Candidate: Unknown
Party: Republican
Not Yet Declared

As of now, no individual from the Republican party has stepped forward to declare a campaign for the 26th State Senate District. Wilton Republican Town Committee chair Peter Wrampe declined to comment when asked whether there was a candidate identified for the race.

U.S. House of Representatives 4th District

Candidate: Jim Himes (Incumbent)
Party: Democrat
Declared: Jan. 11, 2021

Jim Himes is currently serving his seventh term in Congress representing the 4th District. He filed his paperwork declaring his candidacy to run for re-election with the Federal Election Commission in January 2021.

Himes currently serves as a member of the House Permanent Select Committee on Intelligence where he is Chairman of the Strategic Technologies and Advanced Research (STAR) Subcommittee and a member of the House Financial Services where he serves as the Chair of the Subcommittee on National Security, International Development and Monetary Policy.

Before Congress, Himes worked for Enterprise Community Partners, a non-profit affordable-housing organization in the New York metropolitan area; prior to that he worked for Goldman Sachs. He served in local Greenwich politics, including as the chair of the town’s Board of Finance.

Candidate:  Michael T. Goldstein, MD, JD
Party:  Republican
Declared:  Thursday, Feb. 17, 2022

Greenwich resident Dr. Michael T. Goldstein declared his campaign for the Republican nomination to run for Congress in CT’s 4th Congressional District in February. An ophthalmologist, Goldstein is making healthcare a key part of his platform, saying he will support deregulation; work to make “cost-effective high-quality healthcare available to all CT residents”; and protect and promote the rights of “suffering” and “overburdened” CT healthcare employees.

The press release announcing his campaign noted that “Goldstein believes the backbone of the Constitution State is its entrepreneurs and small business owners. High taxes and wasteful government spending resulting in high energy prices and inflation are hurting the Connecticut workforce and our families.” It also said that Goldstein is a “strong believer in parental rights regarding their children’s education” and supports the Second Amendment.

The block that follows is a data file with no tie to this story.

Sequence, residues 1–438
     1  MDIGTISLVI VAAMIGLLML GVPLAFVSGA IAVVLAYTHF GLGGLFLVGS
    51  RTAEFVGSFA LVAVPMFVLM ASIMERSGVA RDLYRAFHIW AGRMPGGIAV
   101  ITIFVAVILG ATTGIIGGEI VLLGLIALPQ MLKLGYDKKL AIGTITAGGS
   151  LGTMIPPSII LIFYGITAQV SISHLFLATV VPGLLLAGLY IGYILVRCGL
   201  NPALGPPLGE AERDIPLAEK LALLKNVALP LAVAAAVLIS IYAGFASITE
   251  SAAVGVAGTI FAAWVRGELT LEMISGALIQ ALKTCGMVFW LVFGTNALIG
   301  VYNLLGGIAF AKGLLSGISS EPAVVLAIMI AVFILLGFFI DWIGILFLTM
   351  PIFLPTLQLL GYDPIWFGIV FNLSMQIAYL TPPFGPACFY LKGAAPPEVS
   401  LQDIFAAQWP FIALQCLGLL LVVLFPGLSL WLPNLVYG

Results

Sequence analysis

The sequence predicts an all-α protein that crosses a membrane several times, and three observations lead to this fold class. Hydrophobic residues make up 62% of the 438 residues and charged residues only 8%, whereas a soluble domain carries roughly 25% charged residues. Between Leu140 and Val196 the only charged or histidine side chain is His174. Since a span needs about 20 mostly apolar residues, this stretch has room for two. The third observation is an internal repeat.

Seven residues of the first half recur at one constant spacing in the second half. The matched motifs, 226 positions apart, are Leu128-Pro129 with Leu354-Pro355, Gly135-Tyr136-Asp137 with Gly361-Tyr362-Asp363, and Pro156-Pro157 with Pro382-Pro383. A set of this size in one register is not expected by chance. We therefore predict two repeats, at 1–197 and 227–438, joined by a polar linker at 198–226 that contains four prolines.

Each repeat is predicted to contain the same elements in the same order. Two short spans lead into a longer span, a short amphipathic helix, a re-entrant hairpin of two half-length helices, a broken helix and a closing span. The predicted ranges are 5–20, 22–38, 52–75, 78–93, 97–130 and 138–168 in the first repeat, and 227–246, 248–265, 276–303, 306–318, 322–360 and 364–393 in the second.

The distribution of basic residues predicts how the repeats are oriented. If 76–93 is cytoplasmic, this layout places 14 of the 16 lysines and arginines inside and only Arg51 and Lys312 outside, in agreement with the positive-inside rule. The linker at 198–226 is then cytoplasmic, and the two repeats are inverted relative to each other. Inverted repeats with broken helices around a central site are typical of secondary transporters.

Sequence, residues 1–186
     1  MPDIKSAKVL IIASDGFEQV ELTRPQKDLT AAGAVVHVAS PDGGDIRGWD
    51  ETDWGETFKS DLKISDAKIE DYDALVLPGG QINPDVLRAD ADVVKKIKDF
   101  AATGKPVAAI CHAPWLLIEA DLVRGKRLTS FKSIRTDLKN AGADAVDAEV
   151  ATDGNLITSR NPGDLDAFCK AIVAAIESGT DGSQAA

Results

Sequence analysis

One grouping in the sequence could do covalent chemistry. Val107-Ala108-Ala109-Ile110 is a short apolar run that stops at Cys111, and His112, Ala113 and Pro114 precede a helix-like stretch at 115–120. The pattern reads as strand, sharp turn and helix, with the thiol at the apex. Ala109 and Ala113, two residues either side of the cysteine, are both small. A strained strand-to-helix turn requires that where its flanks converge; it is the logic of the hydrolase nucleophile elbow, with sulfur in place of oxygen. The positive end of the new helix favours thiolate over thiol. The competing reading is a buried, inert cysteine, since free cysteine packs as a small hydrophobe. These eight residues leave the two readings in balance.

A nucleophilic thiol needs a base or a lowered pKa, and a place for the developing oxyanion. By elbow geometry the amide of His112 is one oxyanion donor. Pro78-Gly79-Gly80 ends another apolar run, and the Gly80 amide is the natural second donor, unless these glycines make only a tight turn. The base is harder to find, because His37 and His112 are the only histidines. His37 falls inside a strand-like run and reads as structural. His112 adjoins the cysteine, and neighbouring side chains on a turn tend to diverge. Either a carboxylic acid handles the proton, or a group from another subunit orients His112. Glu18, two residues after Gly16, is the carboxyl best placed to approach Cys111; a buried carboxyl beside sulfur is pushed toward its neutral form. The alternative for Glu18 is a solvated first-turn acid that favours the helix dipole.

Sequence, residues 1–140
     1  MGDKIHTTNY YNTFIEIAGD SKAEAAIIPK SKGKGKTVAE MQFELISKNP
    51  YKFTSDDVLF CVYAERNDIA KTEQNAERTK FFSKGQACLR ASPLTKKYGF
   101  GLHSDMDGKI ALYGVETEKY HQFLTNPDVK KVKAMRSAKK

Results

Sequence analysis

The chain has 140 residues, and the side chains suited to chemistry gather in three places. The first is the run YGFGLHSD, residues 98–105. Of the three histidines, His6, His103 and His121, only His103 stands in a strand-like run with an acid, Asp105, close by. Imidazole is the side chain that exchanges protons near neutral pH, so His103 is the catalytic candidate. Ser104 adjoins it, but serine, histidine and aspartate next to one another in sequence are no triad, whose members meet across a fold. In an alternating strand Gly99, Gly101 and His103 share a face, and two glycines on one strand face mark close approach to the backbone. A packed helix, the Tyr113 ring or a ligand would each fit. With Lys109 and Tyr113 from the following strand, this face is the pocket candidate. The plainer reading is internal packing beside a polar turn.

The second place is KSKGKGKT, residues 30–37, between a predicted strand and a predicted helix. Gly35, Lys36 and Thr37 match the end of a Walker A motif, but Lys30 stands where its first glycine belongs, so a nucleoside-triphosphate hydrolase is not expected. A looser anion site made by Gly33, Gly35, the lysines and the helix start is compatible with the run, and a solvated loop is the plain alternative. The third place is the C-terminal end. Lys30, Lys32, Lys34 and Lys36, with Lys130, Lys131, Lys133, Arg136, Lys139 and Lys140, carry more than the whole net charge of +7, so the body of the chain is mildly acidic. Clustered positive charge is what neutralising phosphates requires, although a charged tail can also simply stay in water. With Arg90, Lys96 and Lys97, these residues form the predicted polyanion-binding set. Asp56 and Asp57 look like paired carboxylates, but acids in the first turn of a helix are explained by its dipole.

Goldstein’s website says he believes that “Socialist policies of the progressive Democrats will destroy the economic structure of our economy and turn us into a third world country, if we have not already become one.”

Goldstein is the current board chair of the New York County Medical Society.

Candidate: Jayme Stevenson
Party: Republican
Declared: Sunday, Mar. 6, 2022

Darien’s former first selectwoman Jayme Stevenson announced she is seeking the Republican nomination to challenge Jim Himes for CT’s 4th Congressional District. She made the announcement on “This Week in Connecticut” on WTNH-TV, telling the host, “Everywhere we look, we have chaos around us. Chaos at our borders, unsafe streets, kids that are falling further and further behind in school, exacerbated by COVID policies that really had consequences that no one could understand, and it’s time that we send leaders to Washington that are sane and serious an can rise to the moment of these great challenges for our country and for the 4th Congressional District.”

Candidate: Ethan Book
Party: Republican
Declared: March 13, 2022

Bridgeport’s Ethan Book is running on a platform of “reaffirmation of Republican ideology.” His website lists four main policy areas: conservative policies on budgets and taxes; conservative social policies (“strong family” and pro-life); adherence to principles of a constitutional republic (limited government, capitalist system with reasonable regulations, and principles of freedom); and an “affirmation that [the U.S. is] a Judeo/Christian nation as a national heritage and identity, while tolerant of other faiths.”

Book’s website lists jobs in banking (as a loan officer in Central America, the Caribbean and New York); says he’s a self-described whistleblower and is “active in state and federal courts, in Freedom of Information processes, and the political arena… promoting judicial reform, among other issues.” He was a financial consultant on two hydroelectric projects and owns a Fairfield limo service.

An active member of the Bridgeport Republican Town Committee from 2013-2018, Book has run uncessfully for U.S. Senate (2010); Bridgeport City Council (2013); and State Representative (2014, 2016, 2018 and 2020).